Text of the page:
From: Brian Stevens
Housley Consulting (NSW)
I read with interest your recent column on voice/data convergence (CW, October 16, p36). My association with this application stretches back over 12 years, I thought I may be able to shed some light on this subject for your readers as to whether there is or is not a future for voice/data convergence in their networks.
Basically there have been three "eras" in voice/data integration in Australia. I call these: AggregationEra, 64K Era, and ProductivityEra.
The aggregation era was between about 1986 and 1992 and was really limited to the large corporate and government customers who had lots of Telecom lines around the country.
The cost reductions that came from aggregating both voice and data onto a single line were significant.
From 1992 to 1997, voice compression came of age and very good quality was achieved at very low rates. High-speed/low-cost DSPs (digital signal processors) made the difference and we saw voice/data integration take off in medium-size companies where six to eight voice channels could be compressed over a single 64Kbit/sec line, again making the payback equations compelling.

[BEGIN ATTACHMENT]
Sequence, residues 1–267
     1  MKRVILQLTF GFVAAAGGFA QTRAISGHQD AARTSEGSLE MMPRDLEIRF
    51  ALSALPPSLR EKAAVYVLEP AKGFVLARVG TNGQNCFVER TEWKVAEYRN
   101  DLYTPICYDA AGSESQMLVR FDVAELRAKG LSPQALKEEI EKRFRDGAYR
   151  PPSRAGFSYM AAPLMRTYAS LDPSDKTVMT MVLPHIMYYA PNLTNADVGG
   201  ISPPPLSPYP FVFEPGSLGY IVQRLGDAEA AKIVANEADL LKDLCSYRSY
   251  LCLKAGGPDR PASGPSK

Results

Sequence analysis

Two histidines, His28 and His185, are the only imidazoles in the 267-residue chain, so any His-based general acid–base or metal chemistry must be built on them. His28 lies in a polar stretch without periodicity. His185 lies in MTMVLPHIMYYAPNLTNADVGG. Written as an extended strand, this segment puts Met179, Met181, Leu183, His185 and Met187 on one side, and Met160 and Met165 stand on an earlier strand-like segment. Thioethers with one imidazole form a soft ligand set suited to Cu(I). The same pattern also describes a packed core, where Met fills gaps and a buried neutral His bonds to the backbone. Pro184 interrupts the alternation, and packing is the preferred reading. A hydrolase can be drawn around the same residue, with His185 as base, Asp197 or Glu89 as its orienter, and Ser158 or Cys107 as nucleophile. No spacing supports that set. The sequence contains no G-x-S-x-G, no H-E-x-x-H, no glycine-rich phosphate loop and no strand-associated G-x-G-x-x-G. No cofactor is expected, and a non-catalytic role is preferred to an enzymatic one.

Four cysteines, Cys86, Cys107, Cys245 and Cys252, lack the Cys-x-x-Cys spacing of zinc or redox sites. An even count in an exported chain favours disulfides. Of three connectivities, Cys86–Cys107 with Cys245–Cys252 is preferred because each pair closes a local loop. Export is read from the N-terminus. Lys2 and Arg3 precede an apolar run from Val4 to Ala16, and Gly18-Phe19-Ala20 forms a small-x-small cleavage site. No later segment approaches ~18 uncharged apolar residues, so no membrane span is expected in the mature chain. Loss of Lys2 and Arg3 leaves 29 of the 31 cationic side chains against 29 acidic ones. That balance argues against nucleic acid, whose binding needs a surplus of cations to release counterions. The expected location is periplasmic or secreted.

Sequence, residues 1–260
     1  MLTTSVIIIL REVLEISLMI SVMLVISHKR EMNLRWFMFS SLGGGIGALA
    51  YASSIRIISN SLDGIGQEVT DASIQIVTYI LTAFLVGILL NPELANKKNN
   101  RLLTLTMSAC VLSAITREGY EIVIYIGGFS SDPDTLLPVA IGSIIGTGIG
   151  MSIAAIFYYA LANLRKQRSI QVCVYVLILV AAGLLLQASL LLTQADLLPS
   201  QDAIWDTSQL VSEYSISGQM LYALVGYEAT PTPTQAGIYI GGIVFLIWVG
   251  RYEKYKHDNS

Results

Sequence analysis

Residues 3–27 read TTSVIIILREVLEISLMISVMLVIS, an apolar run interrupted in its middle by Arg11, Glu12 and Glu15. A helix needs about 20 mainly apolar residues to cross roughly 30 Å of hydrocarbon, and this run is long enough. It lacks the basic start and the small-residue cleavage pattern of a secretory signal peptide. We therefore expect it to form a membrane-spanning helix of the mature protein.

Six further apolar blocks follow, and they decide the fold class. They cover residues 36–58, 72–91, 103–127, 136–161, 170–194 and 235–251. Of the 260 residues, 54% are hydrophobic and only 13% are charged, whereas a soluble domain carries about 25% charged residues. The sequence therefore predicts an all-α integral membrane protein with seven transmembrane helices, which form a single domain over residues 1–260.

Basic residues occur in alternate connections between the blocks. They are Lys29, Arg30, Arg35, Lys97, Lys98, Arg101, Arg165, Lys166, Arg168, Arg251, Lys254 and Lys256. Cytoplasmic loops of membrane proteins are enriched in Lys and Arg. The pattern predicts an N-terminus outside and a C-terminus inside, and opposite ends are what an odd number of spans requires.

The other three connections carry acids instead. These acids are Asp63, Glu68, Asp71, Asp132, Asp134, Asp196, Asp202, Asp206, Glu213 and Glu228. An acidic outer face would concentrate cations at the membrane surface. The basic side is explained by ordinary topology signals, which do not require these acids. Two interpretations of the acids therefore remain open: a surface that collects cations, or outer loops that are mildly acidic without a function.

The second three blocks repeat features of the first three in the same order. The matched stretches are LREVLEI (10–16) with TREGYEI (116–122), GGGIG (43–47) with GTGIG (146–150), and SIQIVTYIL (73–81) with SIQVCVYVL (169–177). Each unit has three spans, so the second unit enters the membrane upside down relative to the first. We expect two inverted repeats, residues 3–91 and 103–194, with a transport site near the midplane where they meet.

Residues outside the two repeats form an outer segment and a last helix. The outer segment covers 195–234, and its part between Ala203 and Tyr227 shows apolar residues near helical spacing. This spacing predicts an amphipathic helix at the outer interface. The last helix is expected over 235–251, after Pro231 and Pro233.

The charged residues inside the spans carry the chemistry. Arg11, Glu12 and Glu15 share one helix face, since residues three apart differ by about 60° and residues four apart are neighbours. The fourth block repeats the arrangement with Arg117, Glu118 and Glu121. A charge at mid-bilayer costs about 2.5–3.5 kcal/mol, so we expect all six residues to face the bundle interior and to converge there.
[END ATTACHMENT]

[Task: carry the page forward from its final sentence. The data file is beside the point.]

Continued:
For the last 12 months or so there has been a realisation in vendor-land that voice/data integration really doesn't offer that much value other than reduction in costs, and that customers really do want those elusive productivity gains they have always been promised from the "information revolution".
Productivity, not cost reduction, is now becoming the primary driver for convergence.